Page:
About half of all women have labia minora that are longer than the labia majora. There is a lot of variation in the size of the labia minora and a study in BJOG: An International Journal of Obstetrics and Gynaecology found that there is nothing unusual about having labia minora that are longer than the labia majora. Some women have innies and others have outies. The gallery shows a range of labia in different shapes and sizes. All of these variations are completely healthy and normal.^ top
Exact symmetry is rare in nature. Most people have one foot that’s bigger than the other and most women don’t have symmetrical labia. Some are more symmetrical than others, but they are all normal and healthy. The gallery shows a range of labia in different shapes.^ top
Some women have pink labia and others have brown or reddish or purplish labia. Sometimes the labia are the same colour as the woman’s skin, but often they are lighter or darker, just like the lips on your face. Variation in the colour of your labia is very normal. The gallery shows a range of labia in different colours.^ top
If your labia feel uncomfortable or itchy, you might want to try wearing underwear or clothes that are one size bigger and avoiding skimpy underwear like G-strings. It’s not uncommon for women to experience some labia discomfort if they’re wearing very tight clothes.
If your labia are painful or constantly itchy, you should contact your doctor or gynaecologist. Look here if you want information about finding a doctor.^ top
The labia minora change during puberty and often become more prominent in appearance. This is completely normal, like all the other changes that take place during puberty. They continue to change throughout your life because of hormonal changes and age.
If you develop a new mole, lump, cyst or ulcer on your labia, it’s a good idea to see your doctor to have it checked out- just like you should for any other area of your body. Look here if you want information about finding a doctor.^ top
It’s not cool for anyone (a sexual partner, a friend, your mum, a beauty therapist, or anyone) to pass judgement on your lady bits. We’re all different downstairs and healthy vulvas come in lots of different shapes and sizes. They’re as diverse as faces and we don’t expect everyone’s face to be exactly the same.
Most people don’t know much about what healthy genitals look like. It probably wasn’t covered in your sex education classes. If someone says something to you about your labia, they might have only seen vulvas in magazines or pornography. Or they might have made an assumption that everyone looks the same downstairs, and that’s just not true. Maybe they’ve never seen a vulva at all and don’t really know what to expect. Or maybe they’re just putting you down.
Try not to worry about what they’ve said. Think about the level of respect and trust that you expect from a sexual partner and the people in your life. If you’re confident about your body and showing it to someone else, that’s great. If you’re not yet, that’s ok too. Focus your time and energy on embracing what your labia look like. And learn to love what they do for you!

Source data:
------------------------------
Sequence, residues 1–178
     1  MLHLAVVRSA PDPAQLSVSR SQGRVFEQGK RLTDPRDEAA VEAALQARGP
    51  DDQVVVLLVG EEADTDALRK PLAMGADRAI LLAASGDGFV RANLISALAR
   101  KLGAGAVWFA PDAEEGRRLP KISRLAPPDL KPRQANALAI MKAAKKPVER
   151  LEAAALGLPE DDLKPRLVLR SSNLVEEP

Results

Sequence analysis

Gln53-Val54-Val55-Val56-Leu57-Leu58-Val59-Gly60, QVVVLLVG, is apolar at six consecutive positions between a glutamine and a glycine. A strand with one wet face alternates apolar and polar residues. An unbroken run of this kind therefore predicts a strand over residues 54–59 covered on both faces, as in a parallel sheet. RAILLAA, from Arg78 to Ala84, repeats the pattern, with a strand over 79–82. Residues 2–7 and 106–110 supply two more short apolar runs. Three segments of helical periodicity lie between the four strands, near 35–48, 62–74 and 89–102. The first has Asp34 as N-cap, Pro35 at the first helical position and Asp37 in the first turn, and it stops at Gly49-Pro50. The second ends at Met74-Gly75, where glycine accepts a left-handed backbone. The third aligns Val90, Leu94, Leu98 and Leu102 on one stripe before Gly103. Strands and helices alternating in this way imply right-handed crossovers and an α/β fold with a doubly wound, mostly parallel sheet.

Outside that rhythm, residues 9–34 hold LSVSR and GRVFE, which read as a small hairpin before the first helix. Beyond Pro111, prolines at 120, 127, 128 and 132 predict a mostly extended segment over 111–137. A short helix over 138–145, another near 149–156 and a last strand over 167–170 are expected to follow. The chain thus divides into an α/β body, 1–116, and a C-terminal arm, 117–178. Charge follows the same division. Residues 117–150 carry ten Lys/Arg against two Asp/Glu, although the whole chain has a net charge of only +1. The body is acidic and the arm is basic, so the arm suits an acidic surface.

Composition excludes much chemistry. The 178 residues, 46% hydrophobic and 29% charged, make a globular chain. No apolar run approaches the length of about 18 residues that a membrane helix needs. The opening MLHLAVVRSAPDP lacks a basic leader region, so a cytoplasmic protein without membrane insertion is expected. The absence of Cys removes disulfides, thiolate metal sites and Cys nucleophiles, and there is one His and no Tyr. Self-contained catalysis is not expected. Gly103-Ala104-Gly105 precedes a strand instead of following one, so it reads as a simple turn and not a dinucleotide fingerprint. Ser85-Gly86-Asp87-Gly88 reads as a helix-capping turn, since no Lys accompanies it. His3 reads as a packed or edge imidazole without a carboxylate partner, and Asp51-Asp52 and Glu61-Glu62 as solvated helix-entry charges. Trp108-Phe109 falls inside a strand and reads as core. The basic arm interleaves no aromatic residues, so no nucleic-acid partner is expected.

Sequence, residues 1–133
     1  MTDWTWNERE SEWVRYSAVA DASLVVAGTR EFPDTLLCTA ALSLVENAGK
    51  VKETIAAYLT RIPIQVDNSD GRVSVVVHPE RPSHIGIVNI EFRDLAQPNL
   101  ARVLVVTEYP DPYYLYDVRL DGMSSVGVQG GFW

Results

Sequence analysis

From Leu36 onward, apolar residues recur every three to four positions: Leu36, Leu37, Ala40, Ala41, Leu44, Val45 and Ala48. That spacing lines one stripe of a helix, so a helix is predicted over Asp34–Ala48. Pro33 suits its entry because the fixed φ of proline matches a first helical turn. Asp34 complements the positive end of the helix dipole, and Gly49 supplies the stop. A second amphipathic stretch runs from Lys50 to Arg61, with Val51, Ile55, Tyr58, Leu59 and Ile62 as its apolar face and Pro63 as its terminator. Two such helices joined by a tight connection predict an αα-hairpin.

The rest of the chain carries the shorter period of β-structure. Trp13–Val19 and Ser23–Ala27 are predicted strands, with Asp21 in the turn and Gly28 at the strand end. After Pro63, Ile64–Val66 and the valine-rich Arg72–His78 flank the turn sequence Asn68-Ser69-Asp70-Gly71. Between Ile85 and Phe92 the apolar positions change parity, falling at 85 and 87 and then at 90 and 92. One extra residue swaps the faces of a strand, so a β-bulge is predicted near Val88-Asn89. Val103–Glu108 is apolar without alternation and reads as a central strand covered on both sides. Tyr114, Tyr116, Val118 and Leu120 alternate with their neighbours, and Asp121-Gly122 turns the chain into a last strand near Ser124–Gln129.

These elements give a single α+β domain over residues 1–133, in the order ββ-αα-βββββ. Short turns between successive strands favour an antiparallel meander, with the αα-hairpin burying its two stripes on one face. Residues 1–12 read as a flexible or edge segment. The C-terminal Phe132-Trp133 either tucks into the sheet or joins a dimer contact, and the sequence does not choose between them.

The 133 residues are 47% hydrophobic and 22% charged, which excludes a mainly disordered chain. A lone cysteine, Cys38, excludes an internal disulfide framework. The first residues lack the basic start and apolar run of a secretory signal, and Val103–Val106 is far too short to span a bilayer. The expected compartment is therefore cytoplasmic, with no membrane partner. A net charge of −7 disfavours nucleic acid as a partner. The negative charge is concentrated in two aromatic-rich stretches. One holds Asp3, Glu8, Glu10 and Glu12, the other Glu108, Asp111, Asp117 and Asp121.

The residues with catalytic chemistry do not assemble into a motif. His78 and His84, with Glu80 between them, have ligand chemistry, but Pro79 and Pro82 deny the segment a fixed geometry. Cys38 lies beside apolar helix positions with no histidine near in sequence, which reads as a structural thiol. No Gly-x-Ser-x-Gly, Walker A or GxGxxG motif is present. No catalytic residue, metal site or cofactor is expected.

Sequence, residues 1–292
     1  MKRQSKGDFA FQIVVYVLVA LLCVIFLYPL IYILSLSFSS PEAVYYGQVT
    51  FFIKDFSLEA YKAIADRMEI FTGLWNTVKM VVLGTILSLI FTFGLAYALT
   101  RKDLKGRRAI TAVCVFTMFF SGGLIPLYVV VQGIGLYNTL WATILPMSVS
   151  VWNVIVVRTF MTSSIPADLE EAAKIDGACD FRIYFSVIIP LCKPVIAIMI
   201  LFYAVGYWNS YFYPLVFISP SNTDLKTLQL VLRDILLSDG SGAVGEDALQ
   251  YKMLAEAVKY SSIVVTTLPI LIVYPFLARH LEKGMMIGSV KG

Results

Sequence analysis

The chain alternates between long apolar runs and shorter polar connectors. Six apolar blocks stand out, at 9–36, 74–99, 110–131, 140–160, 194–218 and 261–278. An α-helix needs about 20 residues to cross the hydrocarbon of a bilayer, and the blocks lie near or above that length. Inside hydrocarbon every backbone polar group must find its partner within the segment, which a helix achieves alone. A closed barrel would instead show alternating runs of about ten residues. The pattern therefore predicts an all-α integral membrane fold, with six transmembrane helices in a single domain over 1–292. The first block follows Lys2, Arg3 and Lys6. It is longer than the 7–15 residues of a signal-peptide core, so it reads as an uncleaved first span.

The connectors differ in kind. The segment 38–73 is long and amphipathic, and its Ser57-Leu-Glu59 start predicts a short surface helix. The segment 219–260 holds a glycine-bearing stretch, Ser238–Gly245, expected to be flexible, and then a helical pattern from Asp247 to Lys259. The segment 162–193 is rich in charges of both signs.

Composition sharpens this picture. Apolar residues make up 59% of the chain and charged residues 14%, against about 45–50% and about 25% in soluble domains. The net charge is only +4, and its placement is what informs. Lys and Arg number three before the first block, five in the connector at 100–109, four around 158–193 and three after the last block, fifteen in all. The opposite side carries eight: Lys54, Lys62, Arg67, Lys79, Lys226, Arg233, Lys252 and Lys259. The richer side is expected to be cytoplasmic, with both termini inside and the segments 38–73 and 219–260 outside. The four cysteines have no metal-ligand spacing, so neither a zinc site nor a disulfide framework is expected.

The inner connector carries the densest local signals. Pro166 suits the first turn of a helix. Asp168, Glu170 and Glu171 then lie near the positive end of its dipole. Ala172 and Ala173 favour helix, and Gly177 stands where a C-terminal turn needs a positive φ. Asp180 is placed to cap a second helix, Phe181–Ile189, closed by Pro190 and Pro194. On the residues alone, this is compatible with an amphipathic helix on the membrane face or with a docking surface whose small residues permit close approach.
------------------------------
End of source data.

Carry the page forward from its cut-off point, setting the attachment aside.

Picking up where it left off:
If you’re still worried, speak to someone you trust or check our Info & advice. Doctors and gynaecologists have heaps of experience in this field- they see vulvas every day! They are a good source of advice if you have any concerns. Look here if you want information about finding a doctor.^ top
The labia library shows 20 photos of women’s labia’s and there are over 3.6 billion others in the world. If you don’t see an image that looks like yours, this does not make you any less normal!
There’s so much diversity in the way vulvas look, we couldn’t possibly include them all in the photo gallery. Even if you can’t see what your vulva looks like in these images, chances are it’s perfectly normal and healthy. If you’ve only seen vulvas in magazines or pornography, you might be surprised to find out that they’re usually photoshopped.
If you’re still worried, speak to someone you trust or check out our Info & Advice. Doctors and gynaecologists can be a good source of advice. If you have any concerns, look here if you want information about accessing a doctor.^ top
If you have a friend who’s worried about their labia, send them here! Be supportive and let them know that there’s lots of variety in the way vulvas look and that it’s not cool for anyone (a sexual partner, a friend, your mum, a beauty therapist, or anyone) to pass judgement on what they look like down there.
If they’re still worried, get them to speak to someone they trust or check out our Info & advice. Doctors and gynaecologists have heaps of experience in this field- they see vulvas every day! They are a good source of advice if your friend still has concerns. Tell your friend to come here if they want information about accessing a doctor.^ top
It’s very normal for your vulva to smell a little bit musty, like sweat, or even a bit metallic around your period. Every woman’s scent is different and it will change throughout your menstrual cycle. This is completely normal and it’s a sign that the good bacteria in the vagina are doing their job. It’s part of the normal changes that take place as you develop during puberty.
It’s important to wash your vulva regularly with warm water or mild soap, but you should never scrub or use a douche or antibacterial wash. This wrecks the pH balance that keeps your vagina healthy and it makes you susceptible to lots of nasties.
If your vulva smells very strongly or you are concerned about it, you should see a doctor or gynaecologist.^ top